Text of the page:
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Apr
20
accepted State of the art low memory arbitrary-domain PRP?
Apr
18
comment State of the art low memory arbitrary-domain PRP?
@RickyDemer I think I misunderstood sometimes-recurse shuffle then. Either way, feel free to post your thoughts as an answer :)
Apr
18
comment State of the art low memory arbitrary-domain PRP?
@RickyDemer I am interested in your claimed algorithm that has a fixed security level of $2^{128}$ (AKA $b = 128$) which gives a PRP on an arbitrary domain of size $n$ (where $n \geq 35$) in $O(1)$ memory.
Apr
18
comment State of the art low memory arbitrary-domain PRP?
@RickyDemer I don't fully understand your question. $b$ is not really relevant to the question, and you can assume it's some fixed value, e.g. 128 or 256. Unless my math fails me the number of possible permutations of $n$ elements is $n!$, and $35! > 2^{128}$, so a too small domain will only be an issue in the smallest possible cases.
Apr
18
comment State of the art low memory arbitrary-domain PRP?
@RickyDemer The security level is distinct from the block (domain) size. E.g. AES has a block size of 128, but provided security levels of 128, 192 and 256 bits (although the latter two have later found attacks reducing their security, this is besides the point).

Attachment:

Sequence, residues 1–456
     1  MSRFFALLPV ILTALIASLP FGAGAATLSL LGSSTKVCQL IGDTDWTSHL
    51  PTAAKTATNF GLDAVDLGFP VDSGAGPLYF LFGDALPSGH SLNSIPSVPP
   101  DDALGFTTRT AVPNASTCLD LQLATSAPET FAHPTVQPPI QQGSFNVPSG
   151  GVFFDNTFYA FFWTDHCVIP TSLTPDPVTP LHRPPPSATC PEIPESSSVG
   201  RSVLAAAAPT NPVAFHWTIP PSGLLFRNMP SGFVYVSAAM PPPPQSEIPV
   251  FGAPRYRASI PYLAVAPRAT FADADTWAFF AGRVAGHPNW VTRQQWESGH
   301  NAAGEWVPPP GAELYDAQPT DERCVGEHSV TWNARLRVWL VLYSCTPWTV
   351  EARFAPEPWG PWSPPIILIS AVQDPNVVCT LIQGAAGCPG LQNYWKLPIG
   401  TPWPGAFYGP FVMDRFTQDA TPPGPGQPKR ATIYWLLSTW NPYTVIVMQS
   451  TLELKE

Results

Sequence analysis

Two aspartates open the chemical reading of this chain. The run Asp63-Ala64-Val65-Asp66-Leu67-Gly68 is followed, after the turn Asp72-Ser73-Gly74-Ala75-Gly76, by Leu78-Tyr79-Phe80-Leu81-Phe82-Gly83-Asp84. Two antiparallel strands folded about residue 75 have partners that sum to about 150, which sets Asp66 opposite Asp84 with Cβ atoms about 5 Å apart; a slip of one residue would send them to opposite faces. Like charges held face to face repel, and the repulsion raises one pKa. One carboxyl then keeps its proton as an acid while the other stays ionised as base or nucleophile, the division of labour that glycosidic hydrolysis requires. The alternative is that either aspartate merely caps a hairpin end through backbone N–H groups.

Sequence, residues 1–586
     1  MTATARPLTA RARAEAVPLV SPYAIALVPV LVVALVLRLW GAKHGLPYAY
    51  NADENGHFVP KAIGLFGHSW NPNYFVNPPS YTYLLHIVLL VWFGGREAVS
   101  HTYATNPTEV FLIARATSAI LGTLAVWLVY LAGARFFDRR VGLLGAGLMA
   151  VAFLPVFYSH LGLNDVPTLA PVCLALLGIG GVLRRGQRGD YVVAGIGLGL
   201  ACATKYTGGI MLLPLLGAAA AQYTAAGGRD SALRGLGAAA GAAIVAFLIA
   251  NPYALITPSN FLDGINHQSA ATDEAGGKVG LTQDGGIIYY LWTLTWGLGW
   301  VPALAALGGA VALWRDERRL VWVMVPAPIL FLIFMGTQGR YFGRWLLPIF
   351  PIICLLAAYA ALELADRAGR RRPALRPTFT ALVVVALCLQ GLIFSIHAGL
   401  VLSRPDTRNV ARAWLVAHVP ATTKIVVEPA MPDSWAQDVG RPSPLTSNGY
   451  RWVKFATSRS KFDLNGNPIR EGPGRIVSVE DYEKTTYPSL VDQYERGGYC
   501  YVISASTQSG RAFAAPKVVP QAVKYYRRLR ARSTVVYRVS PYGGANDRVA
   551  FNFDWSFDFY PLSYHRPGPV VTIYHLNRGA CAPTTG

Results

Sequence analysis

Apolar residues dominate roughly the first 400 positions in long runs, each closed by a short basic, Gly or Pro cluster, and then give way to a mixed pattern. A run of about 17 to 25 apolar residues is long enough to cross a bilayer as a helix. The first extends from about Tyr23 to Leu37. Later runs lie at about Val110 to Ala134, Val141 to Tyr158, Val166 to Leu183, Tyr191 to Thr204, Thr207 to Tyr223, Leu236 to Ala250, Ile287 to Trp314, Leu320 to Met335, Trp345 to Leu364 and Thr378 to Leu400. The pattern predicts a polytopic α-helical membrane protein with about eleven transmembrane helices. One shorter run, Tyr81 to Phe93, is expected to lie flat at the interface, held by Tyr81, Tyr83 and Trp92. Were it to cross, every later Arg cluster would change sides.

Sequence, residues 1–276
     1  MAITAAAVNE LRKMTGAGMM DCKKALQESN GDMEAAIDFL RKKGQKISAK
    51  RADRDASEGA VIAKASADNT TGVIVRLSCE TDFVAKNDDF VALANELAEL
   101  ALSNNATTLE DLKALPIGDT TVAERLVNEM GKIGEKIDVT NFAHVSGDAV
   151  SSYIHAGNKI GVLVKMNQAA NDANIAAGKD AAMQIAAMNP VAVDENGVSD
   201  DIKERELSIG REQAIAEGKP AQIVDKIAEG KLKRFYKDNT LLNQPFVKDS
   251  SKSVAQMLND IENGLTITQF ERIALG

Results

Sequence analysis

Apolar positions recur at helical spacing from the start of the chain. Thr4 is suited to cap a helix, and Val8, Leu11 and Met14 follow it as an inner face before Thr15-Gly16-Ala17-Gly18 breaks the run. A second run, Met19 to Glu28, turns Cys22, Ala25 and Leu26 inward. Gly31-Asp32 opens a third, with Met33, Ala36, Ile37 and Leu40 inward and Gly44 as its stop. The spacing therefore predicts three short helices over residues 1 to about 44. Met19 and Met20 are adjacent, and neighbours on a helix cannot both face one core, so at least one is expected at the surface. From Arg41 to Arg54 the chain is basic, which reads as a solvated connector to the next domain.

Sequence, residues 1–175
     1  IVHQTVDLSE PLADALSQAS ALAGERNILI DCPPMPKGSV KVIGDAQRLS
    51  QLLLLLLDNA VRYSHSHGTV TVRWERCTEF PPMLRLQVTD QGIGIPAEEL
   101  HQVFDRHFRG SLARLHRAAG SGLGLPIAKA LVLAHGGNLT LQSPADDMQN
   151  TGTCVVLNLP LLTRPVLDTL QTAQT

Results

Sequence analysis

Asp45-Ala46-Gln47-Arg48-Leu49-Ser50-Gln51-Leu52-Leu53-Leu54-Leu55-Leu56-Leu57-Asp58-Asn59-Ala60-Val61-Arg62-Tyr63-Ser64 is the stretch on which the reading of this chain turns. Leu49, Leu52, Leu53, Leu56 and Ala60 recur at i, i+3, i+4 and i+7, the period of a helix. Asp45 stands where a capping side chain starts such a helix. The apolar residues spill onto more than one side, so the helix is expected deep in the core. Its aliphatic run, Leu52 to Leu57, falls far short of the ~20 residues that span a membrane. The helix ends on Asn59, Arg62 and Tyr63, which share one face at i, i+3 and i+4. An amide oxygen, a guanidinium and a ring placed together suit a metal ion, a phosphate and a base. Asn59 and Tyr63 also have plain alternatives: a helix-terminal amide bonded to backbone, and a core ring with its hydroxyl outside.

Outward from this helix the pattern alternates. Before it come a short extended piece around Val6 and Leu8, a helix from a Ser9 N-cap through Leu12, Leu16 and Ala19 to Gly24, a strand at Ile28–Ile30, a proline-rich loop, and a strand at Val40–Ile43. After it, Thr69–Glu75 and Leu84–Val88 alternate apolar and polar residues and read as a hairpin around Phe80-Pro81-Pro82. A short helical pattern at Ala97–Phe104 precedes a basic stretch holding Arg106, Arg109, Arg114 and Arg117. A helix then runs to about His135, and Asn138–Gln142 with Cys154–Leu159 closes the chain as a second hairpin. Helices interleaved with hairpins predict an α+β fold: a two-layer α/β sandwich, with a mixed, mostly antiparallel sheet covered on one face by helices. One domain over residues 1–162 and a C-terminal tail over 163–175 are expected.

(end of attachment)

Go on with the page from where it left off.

Apr
18
comment State of the art low memory arbitrary-domain PRP?
@RickyDemer As an example, the core function used in Blake2 is a PRP on domain $\{0, 1\}^{512} $ that uses $2 \cdot 512$ bits of memory.
Apr
18
comment State of the art low memory arbitrary-domain PRP?
@fgrieu Added the tag.
Apr
18
revised State of the art low memory arbitrary-domain PRP?
edited tags
Apr
18
asked State of the art low memory arbitrary-domain PRP?
Jan
24
comment Is there any more information on this RSA backdoor?
While this is certainly a smart alternative scheme, I do not believe this answers the question. It does not shed additional light on the scheme mentioned above.
Jan
24
comment Is there any more information on this RSA backdoor?
@fgrieu There are two different keyspaces here. One assuming an agent with knowledge of $A$, and one without that knowledge. Presumably, if you know $A$ the key space is $256$ bits.
Jan
24
comment Is there any more information on this RSA backdoor?
I would suggest using two different symbols for the two $k$s, as they do not refer to the same value.
Jan
7
awarded  Yearling
Jun
23
awarded  Caucus
Jun
23
awarded  Constituent
May
11
awarded  Popular Question
May
10
revised Reciprocal block ciphers
added 21 characters in body
May
10
comment Reciprocal block ciphers
@Melab That's just silly. You can make it swap the halves after the last round without any loss to security - any attacker can trivially swap halves of the ciphertext as they please.
May
10
answered Reciprocal block ciphers
May
10
comment Reciprocal block ciphers
When you say reciprocal block cipher, do you mean that $Dk$ and $Ek$ are the same function?